LOS ANGELES - The Bush administration pressured Federal Reserve Board Chairman Alan Greenspan for a commitment to pump up the economy at a time when his reappointment was under consideration, the Los Angeles Times reported Wednesday.
Unnamed senior administration officials were cited as saying the White House's overtures represented an extraordinary effort to exert influence over the nation's independent central bank.
Specific Growth Targets
In a series of private meetings in spring and early summer of 1991, senior administration policy makers urged Mr. Greenspan to agree to alter Fed policy, the newspaper reported.
The policy changes were aimed at reaching specific growth targets during the coming election year, the officials told the newspaper.
With the continuing downturn threatening President Bush's reelection hopes, some administration officials are willing to openly discuss the negotiations in an effort to shift blame to the Fed, the newspaper said.
Mr. Gireenspan, through a spokesman, acknowledged that he met privately with Treasury Secretary Nicholas Brady before his reappointment by President Bush to a second term was announced in July 1991, the Los Angeles Times reported.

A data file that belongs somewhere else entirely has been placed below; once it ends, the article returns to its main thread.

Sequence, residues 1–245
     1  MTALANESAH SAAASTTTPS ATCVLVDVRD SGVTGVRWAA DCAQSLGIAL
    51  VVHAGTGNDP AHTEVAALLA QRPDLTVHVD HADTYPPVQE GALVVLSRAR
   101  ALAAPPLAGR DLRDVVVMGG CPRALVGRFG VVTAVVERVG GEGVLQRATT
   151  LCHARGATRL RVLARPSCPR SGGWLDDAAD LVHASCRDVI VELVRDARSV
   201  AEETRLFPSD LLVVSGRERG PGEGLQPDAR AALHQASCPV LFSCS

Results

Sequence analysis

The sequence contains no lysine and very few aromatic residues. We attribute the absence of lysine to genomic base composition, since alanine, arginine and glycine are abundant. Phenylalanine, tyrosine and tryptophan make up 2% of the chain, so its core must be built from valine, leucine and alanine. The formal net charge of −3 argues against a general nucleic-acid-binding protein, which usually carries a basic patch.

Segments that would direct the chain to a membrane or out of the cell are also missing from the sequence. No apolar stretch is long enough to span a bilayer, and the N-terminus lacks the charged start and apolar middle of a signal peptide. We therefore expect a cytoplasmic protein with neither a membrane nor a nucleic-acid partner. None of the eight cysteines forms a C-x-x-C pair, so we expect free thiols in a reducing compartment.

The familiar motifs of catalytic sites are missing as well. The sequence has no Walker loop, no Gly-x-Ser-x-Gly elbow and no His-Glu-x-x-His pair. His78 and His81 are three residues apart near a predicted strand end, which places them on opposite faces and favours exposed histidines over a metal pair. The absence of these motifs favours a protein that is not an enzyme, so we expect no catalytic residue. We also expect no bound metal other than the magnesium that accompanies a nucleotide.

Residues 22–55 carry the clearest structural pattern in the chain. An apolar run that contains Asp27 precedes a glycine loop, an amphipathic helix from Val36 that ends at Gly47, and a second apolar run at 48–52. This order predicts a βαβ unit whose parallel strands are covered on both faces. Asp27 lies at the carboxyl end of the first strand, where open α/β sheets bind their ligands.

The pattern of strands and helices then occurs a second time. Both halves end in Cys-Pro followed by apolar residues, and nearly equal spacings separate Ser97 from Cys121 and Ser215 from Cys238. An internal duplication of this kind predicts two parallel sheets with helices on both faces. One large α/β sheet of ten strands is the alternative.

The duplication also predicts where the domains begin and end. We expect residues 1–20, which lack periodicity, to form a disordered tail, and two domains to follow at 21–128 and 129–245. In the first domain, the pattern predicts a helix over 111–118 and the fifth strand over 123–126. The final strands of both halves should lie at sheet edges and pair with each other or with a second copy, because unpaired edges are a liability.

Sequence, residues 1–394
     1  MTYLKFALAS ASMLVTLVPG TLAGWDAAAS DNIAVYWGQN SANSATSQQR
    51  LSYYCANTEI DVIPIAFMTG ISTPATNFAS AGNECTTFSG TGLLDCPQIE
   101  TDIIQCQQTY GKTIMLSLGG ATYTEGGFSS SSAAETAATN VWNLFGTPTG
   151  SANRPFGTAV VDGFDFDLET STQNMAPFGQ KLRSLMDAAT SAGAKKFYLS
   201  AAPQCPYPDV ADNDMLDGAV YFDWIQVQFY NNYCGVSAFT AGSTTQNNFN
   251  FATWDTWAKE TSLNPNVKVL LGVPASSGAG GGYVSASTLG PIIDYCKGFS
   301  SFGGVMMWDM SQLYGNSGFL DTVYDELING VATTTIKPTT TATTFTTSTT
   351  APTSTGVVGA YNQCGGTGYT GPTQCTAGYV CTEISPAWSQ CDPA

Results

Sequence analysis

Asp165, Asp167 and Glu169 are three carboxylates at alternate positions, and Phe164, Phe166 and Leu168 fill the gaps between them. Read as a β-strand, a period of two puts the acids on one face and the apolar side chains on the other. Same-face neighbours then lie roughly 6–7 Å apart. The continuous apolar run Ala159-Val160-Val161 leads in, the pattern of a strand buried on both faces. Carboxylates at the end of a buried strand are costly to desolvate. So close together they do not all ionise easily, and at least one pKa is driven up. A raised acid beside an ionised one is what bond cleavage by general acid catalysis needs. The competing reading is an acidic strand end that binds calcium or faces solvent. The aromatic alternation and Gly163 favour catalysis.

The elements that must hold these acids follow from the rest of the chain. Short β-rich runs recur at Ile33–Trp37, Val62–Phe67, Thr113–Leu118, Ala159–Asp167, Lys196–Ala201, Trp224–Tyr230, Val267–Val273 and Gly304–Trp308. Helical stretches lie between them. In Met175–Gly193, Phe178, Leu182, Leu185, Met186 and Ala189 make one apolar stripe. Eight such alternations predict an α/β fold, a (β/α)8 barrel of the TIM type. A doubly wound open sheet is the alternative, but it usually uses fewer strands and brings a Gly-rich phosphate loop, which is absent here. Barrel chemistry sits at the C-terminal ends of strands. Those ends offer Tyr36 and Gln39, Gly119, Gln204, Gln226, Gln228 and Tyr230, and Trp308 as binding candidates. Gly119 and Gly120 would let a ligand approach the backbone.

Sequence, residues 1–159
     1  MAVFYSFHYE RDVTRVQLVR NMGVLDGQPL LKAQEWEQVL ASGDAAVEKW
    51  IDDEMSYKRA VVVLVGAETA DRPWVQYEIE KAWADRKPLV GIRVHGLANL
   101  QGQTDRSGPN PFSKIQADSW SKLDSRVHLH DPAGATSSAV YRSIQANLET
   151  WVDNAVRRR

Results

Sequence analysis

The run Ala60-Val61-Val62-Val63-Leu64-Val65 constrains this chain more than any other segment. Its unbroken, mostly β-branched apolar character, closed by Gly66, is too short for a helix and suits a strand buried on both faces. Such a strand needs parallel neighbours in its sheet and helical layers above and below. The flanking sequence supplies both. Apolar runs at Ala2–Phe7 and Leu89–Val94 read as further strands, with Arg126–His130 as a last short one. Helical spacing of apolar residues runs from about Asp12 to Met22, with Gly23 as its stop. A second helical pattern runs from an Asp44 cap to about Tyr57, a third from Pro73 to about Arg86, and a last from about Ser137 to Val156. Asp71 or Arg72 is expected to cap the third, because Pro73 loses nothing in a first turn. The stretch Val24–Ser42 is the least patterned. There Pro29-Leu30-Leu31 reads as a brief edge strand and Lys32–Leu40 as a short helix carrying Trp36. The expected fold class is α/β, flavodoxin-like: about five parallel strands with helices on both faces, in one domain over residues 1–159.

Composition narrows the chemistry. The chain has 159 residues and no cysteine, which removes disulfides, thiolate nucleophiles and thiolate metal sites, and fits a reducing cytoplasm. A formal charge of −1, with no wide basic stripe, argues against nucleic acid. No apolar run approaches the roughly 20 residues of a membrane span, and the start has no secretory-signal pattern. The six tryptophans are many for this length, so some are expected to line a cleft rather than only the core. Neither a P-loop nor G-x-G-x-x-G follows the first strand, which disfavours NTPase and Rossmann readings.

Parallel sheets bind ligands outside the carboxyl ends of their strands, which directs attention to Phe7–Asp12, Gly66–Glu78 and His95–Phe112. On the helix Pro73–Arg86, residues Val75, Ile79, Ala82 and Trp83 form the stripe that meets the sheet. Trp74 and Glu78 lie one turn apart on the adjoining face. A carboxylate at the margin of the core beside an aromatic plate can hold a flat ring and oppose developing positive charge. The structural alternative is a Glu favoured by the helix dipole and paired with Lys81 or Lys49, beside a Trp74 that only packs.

The Chairman's Reply
Mr. Greenspan's spokesman said Mr. Brady urged the chairman to reduce interest rates more aggressively to stimulate the stagnant economy but described as "nonsense" the notion that Mr. Greenspan would commit himself to specific growth targets.
But administration sources told the Los Angeles Times that Mr. Brady afterward told President Bush he felt he had received Mr. Greenspan's assurance he would try to stimulate monetary policy to meet an administration target of 3% growth in 1992.
White House spokesman Marlin Fitzwater confirmed that the meetings had been held but that denied Mr. Greenspan had been pressured.